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Customer reviews

3.0 out of 5 stars
1

on 1 December 2009
Hans Jonas, previously a pupil of Heidegger, in the main departs from his mentor's work and reaches out in rather sophisticated and at times obscure writing, into the depths of the deeply thinking man's way of understanding "The Phenomenon of Life". Much like the other reviewer I agree with them concerning Jonas's deeply insightful essays on the philosophy of organism and mind, which he categorically states must be aspects of the one philosophy of life. Jonas's essays are in general quite brilliant with snippets of real insight that tower above the ordinary and yet it is written so that this occurs as part of the process of discovery which seems to be going on as he writes.

His first essay considers the development or rather alteration in the philosophy of being extending from ancient Greek times into the modern era: animism, and the remarkable instance of thinking of life as at one time the natural mode of being followed by the idea that death is the natural mode instead or that life is a preparation for it. Dualism is considered as the fundamental barrier underlying the comprehension of life although idealism leads to problems no less troubling than say materialism or mechanism.

In the second essay he looks at the fundamental aspects of philosophical Darwinism with its final application of mechanism to the biological realm which for so long eluded the mechanists. Descartes started the trend with his machine-like approach to animals. The third essay considers the meaning of metabolism using James Jeans's, God as a mathematician quote to initiate the discussion. He notes that a living being is one that is never the same from one moment to the next "perpetual self-renewal through process". As another reviewer mentioned his fourth essay "To Move and to Feel: on the animal soul" is probably the most illuminating in the book. He considers what differs from animal to plant i.e. motility, perception and emotion. the ability to move using the evidence of perception leads to the idea of freedom, however how emotion is related to the above is less obvious althgough Jonas makes it so by simply stating that movement in pursuit or flight must necessarily lead to emotion because of its satisfaction or lack thereof. Plants possess immediacy in life between environment and the organism; animals are more separated than this being required to treat the environment as different from them to some degree at least.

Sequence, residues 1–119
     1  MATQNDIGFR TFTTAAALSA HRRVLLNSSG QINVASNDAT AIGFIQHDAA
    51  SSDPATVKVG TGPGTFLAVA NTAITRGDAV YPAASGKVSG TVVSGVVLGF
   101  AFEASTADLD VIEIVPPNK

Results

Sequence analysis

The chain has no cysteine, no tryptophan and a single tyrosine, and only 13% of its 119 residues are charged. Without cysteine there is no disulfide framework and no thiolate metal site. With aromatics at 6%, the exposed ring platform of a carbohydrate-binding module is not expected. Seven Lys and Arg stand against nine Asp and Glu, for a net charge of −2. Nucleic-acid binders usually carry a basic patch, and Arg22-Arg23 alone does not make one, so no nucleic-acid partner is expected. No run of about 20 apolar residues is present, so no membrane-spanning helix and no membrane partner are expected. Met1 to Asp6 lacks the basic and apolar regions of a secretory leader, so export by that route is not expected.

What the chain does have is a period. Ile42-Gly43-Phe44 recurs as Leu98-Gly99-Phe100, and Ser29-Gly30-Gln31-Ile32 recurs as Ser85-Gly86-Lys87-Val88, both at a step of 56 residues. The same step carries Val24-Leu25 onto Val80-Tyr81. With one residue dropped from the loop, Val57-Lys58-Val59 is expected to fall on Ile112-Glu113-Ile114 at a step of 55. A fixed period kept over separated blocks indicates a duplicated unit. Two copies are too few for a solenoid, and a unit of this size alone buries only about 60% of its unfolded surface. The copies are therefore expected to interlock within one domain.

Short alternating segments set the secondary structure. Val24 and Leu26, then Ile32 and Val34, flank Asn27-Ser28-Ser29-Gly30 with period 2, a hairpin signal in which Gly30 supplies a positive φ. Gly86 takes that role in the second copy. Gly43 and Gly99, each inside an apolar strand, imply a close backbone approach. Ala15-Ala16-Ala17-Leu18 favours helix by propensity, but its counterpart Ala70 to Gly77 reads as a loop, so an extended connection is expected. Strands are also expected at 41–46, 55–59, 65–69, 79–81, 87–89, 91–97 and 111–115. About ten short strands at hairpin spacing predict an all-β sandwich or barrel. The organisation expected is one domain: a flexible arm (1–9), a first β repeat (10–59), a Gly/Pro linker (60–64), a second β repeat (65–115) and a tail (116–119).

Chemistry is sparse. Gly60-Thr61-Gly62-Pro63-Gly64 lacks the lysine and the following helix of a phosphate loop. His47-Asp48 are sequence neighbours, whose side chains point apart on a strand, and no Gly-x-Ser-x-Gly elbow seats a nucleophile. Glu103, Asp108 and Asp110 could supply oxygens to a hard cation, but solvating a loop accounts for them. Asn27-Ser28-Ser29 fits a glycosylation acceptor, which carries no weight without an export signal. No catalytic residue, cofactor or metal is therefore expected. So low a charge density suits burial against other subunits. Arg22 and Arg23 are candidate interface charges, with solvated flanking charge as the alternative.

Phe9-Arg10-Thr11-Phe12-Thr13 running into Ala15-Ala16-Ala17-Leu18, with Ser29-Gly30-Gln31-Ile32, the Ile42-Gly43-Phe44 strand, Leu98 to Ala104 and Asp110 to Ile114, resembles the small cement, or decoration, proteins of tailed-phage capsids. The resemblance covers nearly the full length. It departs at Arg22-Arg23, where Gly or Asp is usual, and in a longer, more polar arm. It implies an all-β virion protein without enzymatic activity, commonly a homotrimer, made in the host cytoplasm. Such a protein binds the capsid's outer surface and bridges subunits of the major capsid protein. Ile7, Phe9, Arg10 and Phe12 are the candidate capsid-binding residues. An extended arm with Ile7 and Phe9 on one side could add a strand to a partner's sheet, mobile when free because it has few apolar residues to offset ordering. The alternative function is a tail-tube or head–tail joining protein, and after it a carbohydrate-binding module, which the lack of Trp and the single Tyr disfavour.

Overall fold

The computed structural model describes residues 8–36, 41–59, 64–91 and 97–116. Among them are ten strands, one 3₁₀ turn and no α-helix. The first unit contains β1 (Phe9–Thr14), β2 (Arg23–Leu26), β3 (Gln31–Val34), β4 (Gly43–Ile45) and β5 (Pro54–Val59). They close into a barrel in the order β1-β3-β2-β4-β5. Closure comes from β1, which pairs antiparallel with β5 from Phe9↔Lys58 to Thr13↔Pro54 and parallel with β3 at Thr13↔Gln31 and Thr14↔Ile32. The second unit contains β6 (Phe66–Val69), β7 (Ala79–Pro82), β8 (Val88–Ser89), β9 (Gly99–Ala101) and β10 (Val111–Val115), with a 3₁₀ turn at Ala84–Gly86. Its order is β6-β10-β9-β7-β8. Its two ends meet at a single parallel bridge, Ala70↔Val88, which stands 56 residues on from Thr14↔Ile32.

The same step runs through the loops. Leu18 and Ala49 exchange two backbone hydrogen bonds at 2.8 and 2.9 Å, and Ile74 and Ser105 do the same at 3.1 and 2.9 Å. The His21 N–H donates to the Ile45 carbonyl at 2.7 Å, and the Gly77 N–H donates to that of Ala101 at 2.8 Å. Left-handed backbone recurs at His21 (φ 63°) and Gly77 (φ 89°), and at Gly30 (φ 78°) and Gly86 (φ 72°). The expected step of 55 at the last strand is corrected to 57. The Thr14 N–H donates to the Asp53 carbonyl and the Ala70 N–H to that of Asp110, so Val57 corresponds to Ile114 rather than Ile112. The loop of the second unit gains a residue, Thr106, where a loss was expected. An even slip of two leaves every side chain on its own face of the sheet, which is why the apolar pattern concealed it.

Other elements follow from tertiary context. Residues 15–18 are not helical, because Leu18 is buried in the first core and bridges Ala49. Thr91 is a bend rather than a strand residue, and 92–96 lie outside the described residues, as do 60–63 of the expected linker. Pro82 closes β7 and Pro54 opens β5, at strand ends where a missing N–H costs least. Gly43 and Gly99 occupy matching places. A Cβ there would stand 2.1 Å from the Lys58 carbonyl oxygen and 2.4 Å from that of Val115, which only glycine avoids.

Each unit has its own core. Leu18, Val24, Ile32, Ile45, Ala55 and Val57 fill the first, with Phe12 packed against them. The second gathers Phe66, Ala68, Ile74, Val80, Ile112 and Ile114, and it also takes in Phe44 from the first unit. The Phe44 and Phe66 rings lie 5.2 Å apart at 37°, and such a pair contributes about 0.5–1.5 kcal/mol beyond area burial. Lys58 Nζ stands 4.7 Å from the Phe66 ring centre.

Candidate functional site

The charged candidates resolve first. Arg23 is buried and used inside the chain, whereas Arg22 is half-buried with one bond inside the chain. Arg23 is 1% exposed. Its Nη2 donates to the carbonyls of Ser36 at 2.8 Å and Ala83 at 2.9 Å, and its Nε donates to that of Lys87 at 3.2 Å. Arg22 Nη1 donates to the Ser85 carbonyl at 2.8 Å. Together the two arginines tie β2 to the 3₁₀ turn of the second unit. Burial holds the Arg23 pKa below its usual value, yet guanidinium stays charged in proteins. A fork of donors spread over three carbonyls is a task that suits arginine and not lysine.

Next, he analyses the ideas of cybernetics and some differences between machines and organisms noting that machines act by feedback mechanisms whereas an organism is "concerned in existing", this applies also to society where the cybernetic idea of information is empty. In the sixth essay he looks at perception through the senses: sight, hearing and touch in the main and how and why they vary in importance to man. He alludes as to why and how concepts such as space and time arise through the function of the senses themselves rather than being free constructions of the mind. This leads directly into the seventh essay on the difference between man and animal i.e. through the concept of image making rather than language or symbols. Again, as a previous reviewer notes, the later essays lack in depth, once he enters the realm of theology Jonas tends to outline his own beliefs rather than analysing them in depth as was done in his earlier essays; again the relationship between Gnosticism and modern thought bears fruit in contrast to the writing on Heidegger and theology.

All together a brilliant style with difficult writing. In contrast to the usual length of time needed to read a book this took considerably longer just to comprehend. Well worth getting, superb at times, original at others.
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